The effect of adipokines in HIV associated pre-eclampsia : (C-peptide, ghrelin, gastric inhibitory polypeptide, glucagon like peptide-1, glucagon, insulin plasminogen activator inhibitor-1 and visfatin).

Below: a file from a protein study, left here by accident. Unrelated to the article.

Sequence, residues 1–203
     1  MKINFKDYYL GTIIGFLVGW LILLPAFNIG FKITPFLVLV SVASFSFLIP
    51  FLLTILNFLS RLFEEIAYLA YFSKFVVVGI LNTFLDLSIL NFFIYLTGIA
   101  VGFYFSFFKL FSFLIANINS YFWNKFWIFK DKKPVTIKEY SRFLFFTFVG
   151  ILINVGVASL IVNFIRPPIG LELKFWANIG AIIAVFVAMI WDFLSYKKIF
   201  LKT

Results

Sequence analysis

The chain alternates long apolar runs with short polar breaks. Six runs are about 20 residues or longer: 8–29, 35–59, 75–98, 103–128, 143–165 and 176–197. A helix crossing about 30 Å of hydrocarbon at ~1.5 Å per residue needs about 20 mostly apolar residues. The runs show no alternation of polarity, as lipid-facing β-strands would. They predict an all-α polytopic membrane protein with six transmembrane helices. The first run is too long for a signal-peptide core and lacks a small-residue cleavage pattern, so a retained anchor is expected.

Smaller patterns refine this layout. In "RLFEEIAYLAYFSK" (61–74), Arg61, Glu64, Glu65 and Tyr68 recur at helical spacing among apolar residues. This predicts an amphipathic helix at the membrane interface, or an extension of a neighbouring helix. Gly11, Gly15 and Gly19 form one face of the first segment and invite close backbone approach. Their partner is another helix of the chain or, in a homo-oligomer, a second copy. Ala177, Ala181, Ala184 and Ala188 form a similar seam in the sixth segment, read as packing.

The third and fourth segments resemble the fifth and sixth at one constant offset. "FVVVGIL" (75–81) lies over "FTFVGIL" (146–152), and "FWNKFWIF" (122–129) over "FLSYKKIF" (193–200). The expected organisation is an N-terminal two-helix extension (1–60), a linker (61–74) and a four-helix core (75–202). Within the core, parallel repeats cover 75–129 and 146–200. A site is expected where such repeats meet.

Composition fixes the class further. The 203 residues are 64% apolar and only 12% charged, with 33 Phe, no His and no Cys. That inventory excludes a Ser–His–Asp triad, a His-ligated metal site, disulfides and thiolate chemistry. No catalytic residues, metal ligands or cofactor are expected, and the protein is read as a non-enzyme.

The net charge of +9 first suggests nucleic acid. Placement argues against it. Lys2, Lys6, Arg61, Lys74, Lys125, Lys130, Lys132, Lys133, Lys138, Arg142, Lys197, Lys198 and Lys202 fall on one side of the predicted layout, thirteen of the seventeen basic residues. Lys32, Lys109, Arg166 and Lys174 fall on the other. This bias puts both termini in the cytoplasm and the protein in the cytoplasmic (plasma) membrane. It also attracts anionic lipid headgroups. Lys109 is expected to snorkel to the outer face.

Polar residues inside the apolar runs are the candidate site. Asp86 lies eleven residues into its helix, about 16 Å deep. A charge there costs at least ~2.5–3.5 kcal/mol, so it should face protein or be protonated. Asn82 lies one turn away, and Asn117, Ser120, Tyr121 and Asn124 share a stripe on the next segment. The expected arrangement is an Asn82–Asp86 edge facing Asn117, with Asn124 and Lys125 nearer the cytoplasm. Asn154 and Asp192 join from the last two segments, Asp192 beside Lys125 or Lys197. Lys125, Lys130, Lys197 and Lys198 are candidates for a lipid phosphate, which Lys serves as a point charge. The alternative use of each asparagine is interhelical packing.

Introduction: South Africa has a maternal ratio of 300 deaths/100,000 live births. Non-pregnancy related infections (mainly deaths in HIV infected pregnant women complicated by tuberculosis and pneumonia) accounts for 34.7% of maternal deaths followed by obstetric haemorrhage and hypertension accounts (15.8% and 14.8% respectively). Moreover, 61% of women South Africa is overweight or obese (almost double the global rate of 30%). In pregnancy, endocrine and metabolic maternal adaptations include increase in body weight, however, the impact of adipokines in HIV associated pre-eclampsia remains unknown. The aim of the study was to examine the levels of adipokines viz., C-peptide, ghrelin, gastric inhibitory polypeptide (GIP), glucagon like peptide 1 (GLP), plasminogen activator inhibitory (PAI) 1, visfatin, glucagon and insulin in HIV associated pre-eclampsia. Materials and Methods: Following institutional and regulatory approval, participants (n=301) were recruited from RK Khan Hospital and divided into groups non-pregnant (n=90), normotensive (n=121), early (n=32; EOPE) and late onset (n=58; LOPE) pre-eclampsia. The pregnant cohort was stratified according to their HIV status. Maternal clinical demographics, indications and mode of delivery were recorded. Serum was used to quantify the adipokines levels using the multiplex ELISA technique. Absorbance was read spectrophotometrically at 450 nm. Graph Pad Prism (version 6) was used to analyse all data. Result: C-peptide did not differ according to HIV status. With regards pregnancy type, there was a significant difference in c-peptide between the non-pregnant versus normotensive pregnant (p<0.01) and the normotensive versus LOPE groups (p<0.01) being elevated both the pre-eclamptic groups (EOPE +LOPE). Ghrelin did not differ across study groups (p>0.05), by HIV status (p>0.05). When considering HIV status, GIP varied between positive and negative groups (p<0.001). Additionally, there was a significant difference in GIP between the non-pregnant versus normotensive pregnant (p<0.01); normotensive pregnant versus EOPE (p<0.05) and the normotensive pregnant versus the LOPE group (p<0.01). GIP was elevated in the HIV positive EOPE group. Moreover, a significant difference in GLP-1 was noted across the study groups (p<0.05) and between non-pregnant versus normotensive groups (p<0.01). When considering HIV status, HIV positive groups differed from negative study groups (p<0.05). Additionally, the Mann Whitney U test showed a significant difference between the non-pregnant and the normotensive group (p<0.01). Glucagon-like peptide-1 was significant different across the study groups, with its levels elevated in the pre-eclamptic groups compared to the normotensive pregnant group (p<0.05), additionally, there was a difference between non-pregnant versus normotensive pregnant groups (p<0.01). Glucagon did not differ across the study groups (p>0.05), however, was significantly different between the non-pregnant and normotensive group (p<0.05). HIV status did not affect glucagon levels (p>0.05). A significant difference between HIV positive non-pregnant and HIV negative non-pregnant was noted (p<0.05). Insulin was not significantly different across the study groups (p>0.05) and by HIV status (p>0.05). However, a significant difference between the non-pregnant versus normotensive group (p<0.05) was noted. PAI-1 did not differ across the study groups (p>0.05) and between the groups (p>0.05). PAI-1 did not differ according to HIV status (p>0.05). A significant difference in visfatin across the study groups (p<0.05) and between the non-pregnant versus normotensive pregnant group (p<0.05) and the late onset pre-eclamptic versus the non-pregnant group (p<0.01) was observed. There was no effect of HIV status on the level of visfatin across the study groups (p<0.05). There was a significant difference between the HIV positive versus negative non-pregnant groups (p<0.05), furthermore, we have observed low levels of visfatin in the HIV positive pre-eclamptic groups. Discussion and conclusion: This study demonstrates elevated c-peptide, GIP, GLP-1, Insulin, PAI-1 and Visfatin in the pre-eclamptic groups compared to normotensive pregnant groups. These adipokines play a role in glucose homeostasis and have been reported to play a role in development of insulin resistance which is a high risk factor for developing pre-eclampsia. Several studies have reported that adipose tissue derived hormones, play a crucial role in the pathogenesis or as risk factors of pre-eclampsia development. Additionally, it is reported that adipokines are elevated in people with higher BMI (obese and overweight) which in turn predisposes one for developing pre-eclampsia. In terms of HIV status, we have observed that many of the adipokines were elevated in the HIV positive compared to the HIV negative group. This correlates with studies which reported that HIV plays a role in dysregulation of adipokines. In conclusion, our study is the first to examine adipokine dysregulation in the triad of HIV infection, pre-eclampsia and obesity. Furthermore, we have established that adipokines: C-peptide, GIP, GLP-1, PAI-1 and visfatin were significantly dysregulated hence they may have predictor test value in diagnosing pre-eclampsia development.